Opening the iTunes Store.If iTunes doesn’t open, click the iTunes icon in your Dock or on your Windows desktop.Progress Indicator
Opening the iBooks Store.If iBooks doesn't open, click the iBooks app in your Dock.Progress Indicator

iTunes is the world's easiest way to organize and add to your digital media collection.

We are unable to find iTunes on your computer. To preview and buy music from Live04 by Mouse On Mars, download iTunes now.

Do you already have iTunes? Click I Have iTunes to open it now.

I Have iTunes Free Download
iTunes for Mac + PC


Open iTunes to preview, buy and download music.

Album Review

Anyone fortunate enough to see Mouse on Mars live — particularly on their Idiology or Radical Connector tours — knows that the group sheds the restraint they usually show on record for a jubilant, almost hedonistic energy that's more about dancing than chin-stroking. Compiled from various stops on the group's 2004 North American and European tours, Live04 documents that energy with Mouse on Mars' first official live album. Since these dates were recorded the same year the group released Radical Connector, it's not surprising that Live04's track listing is heavy on songs from that album. "Heavy" also describes the way these performances sound; Radical Connector was pretty dancefloor-ready to begin with, and the songs from it sound even more amped-up here. The nine-minute version of "Wipe That Sound" is downright anthemic, and "All the Old Powers"' beat sounds even more like large objects being tossed around and smashed to bits. "Mine Is in Yours" really benefits from the extra, in-concert oomph, sounding much bigger and badder than previously imagined, as well as a whole lot funkier, thanks to a huge, fuzzy synth bass that hasn't been heard since the likes of Eddy Grant's "Electric Avenue." However, the rest of Live04's selections are pretty diverse, skipping from expected (but still great) performances of Idiology's mighty single "Actionist Respoke" and Autoditacker's classic "Twift," to a surprising amount of tracks from Niun Niggung (the speedy, electrifying run-through of that album's "Distroia" is one of the album's peaks) to the sparkly, majestic finale, "Frosch," which goes all the way back to Mouse on Mars' 1994 debut album, Vulvaland. Considering that these performances were culled from different shows, Live04 sounds remarkably cohesive; the album's only disappointment is that Niobe, the vocalist whose tracks were among Radical Connector's very best, didn't join Mouse on Mars on tour, so none of her songs are represented here. Nitpicking aside, Live04 is a very entertaining live album, and while it's still not quite the same as seeing Mouse on Mars in concert, that it manages to capture even a fraction of the atmosphere and sweat of their shows makes it potent stuff indeed.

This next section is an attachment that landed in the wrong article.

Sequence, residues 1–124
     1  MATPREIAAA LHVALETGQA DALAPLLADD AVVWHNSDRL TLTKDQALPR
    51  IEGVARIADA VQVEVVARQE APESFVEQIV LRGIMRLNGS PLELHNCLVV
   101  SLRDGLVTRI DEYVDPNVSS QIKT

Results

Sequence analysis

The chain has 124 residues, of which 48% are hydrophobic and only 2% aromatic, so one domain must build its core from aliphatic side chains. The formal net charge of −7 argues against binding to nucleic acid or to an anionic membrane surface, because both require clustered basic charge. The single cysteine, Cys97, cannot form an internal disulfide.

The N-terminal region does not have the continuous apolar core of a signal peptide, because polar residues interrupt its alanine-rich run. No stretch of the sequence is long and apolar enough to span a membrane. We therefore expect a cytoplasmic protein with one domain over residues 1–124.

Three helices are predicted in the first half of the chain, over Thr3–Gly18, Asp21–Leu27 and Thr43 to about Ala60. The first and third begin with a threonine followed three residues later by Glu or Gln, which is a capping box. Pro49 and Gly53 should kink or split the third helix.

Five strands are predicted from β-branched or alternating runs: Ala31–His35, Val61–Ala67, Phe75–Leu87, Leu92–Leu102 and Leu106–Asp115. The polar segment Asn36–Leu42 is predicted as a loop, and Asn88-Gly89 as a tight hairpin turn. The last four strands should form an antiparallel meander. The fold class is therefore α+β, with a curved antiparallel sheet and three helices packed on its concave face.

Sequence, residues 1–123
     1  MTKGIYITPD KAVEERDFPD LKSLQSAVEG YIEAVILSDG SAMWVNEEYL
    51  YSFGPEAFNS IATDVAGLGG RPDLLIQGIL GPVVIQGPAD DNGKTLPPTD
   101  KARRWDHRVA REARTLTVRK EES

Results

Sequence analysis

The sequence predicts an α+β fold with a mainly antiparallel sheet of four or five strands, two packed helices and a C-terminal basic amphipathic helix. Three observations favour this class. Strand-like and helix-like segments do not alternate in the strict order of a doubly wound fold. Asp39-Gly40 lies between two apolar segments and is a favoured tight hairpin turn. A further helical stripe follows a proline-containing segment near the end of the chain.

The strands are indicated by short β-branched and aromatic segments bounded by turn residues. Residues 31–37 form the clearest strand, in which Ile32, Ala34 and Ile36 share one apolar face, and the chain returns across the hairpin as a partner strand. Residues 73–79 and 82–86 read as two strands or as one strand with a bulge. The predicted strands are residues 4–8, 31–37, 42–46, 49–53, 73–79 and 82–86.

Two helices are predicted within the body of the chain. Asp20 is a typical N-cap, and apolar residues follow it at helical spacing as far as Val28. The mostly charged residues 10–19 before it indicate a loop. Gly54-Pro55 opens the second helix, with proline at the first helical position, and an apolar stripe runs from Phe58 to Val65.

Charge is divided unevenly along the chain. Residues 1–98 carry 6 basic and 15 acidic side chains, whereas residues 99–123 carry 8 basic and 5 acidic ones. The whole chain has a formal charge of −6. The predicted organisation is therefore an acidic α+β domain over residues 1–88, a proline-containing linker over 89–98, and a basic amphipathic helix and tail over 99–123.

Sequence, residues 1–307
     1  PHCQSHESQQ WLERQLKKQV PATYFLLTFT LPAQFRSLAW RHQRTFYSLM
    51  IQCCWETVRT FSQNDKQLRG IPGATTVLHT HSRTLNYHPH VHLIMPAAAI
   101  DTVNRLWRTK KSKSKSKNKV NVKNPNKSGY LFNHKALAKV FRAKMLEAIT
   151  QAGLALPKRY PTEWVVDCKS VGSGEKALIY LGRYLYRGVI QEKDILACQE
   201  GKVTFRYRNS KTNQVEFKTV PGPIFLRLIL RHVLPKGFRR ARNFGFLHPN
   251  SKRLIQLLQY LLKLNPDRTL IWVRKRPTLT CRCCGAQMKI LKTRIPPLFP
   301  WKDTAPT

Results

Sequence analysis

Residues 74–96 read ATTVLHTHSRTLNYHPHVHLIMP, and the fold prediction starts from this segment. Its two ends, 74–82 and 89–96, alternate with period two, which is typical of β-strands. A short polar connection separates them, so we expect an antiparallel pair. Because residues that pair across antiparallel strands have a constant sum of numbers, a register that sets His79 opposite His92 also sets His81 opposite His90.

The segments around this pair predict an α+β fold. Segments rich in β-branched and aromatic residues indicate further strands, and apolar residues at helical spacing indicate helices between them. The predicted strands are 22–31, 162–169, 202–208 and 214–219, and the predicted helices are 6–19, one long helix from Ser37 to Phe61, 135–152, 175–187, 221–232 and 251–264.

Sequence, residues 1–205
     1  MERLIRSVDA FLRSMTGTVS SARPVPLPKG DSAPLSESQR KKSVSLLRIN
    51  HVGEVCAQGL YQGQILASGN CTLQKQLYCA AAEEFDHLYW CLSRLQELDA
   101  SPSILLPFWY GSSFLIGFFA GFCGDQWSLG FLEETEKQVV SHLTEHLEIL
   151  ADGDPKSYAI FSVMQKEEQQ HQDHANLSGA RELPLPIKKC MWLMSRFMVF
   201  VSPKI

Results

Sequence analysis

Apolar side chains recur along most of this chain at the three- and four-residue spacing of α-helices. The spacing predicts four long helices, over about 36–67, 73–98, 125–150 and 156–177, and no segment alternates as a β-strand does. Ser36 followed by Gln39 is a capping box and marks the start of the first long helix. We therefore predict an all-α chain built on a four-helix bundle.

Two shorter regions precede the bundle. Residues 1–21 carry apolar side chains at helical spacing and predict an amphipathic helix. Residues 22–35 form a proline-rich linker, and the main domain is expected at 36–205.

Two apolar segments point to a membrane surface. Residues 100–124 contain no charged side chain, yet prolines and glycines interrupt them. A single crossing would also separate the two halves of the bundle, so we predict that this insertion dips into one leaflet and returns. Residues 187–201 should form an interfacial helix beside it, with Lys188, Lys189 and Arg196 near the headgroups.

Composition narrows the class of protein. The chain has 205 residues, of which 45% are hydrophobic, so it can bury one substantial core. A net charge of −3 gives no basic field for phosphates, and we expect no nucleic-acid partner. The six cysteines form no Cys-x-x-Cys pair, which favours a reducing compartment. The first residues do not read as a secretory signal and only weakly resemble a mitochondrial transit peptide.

Formed: 1993 in Düsseldorf, Germany

Genre: Electronic

Years Active: '90s, '00s, '10s

Dabbling in complex, heavily hybridized forms of everything from ambient, techno, and dub to rock, jazz, and jungle, German post-techno duo Mouse on Mars was the combined effort of Andi Toma and Jan St. Werner (of Köln and Düsseldorf, respectively). Mouse on Mars formed in 1993, reportedly when Werner and Toma met either at a death metal concert or a health food store. Working from Werner's studio, the pair fused an admiration for the early experiments of Krautrock outfits like Can, Neu!, Kluster,...
Full bio
Live04, Mouse On Mars
View In iTunes

Customer Ratings

We have not received enough ratings to display an average for this album.


Influenced by this Artist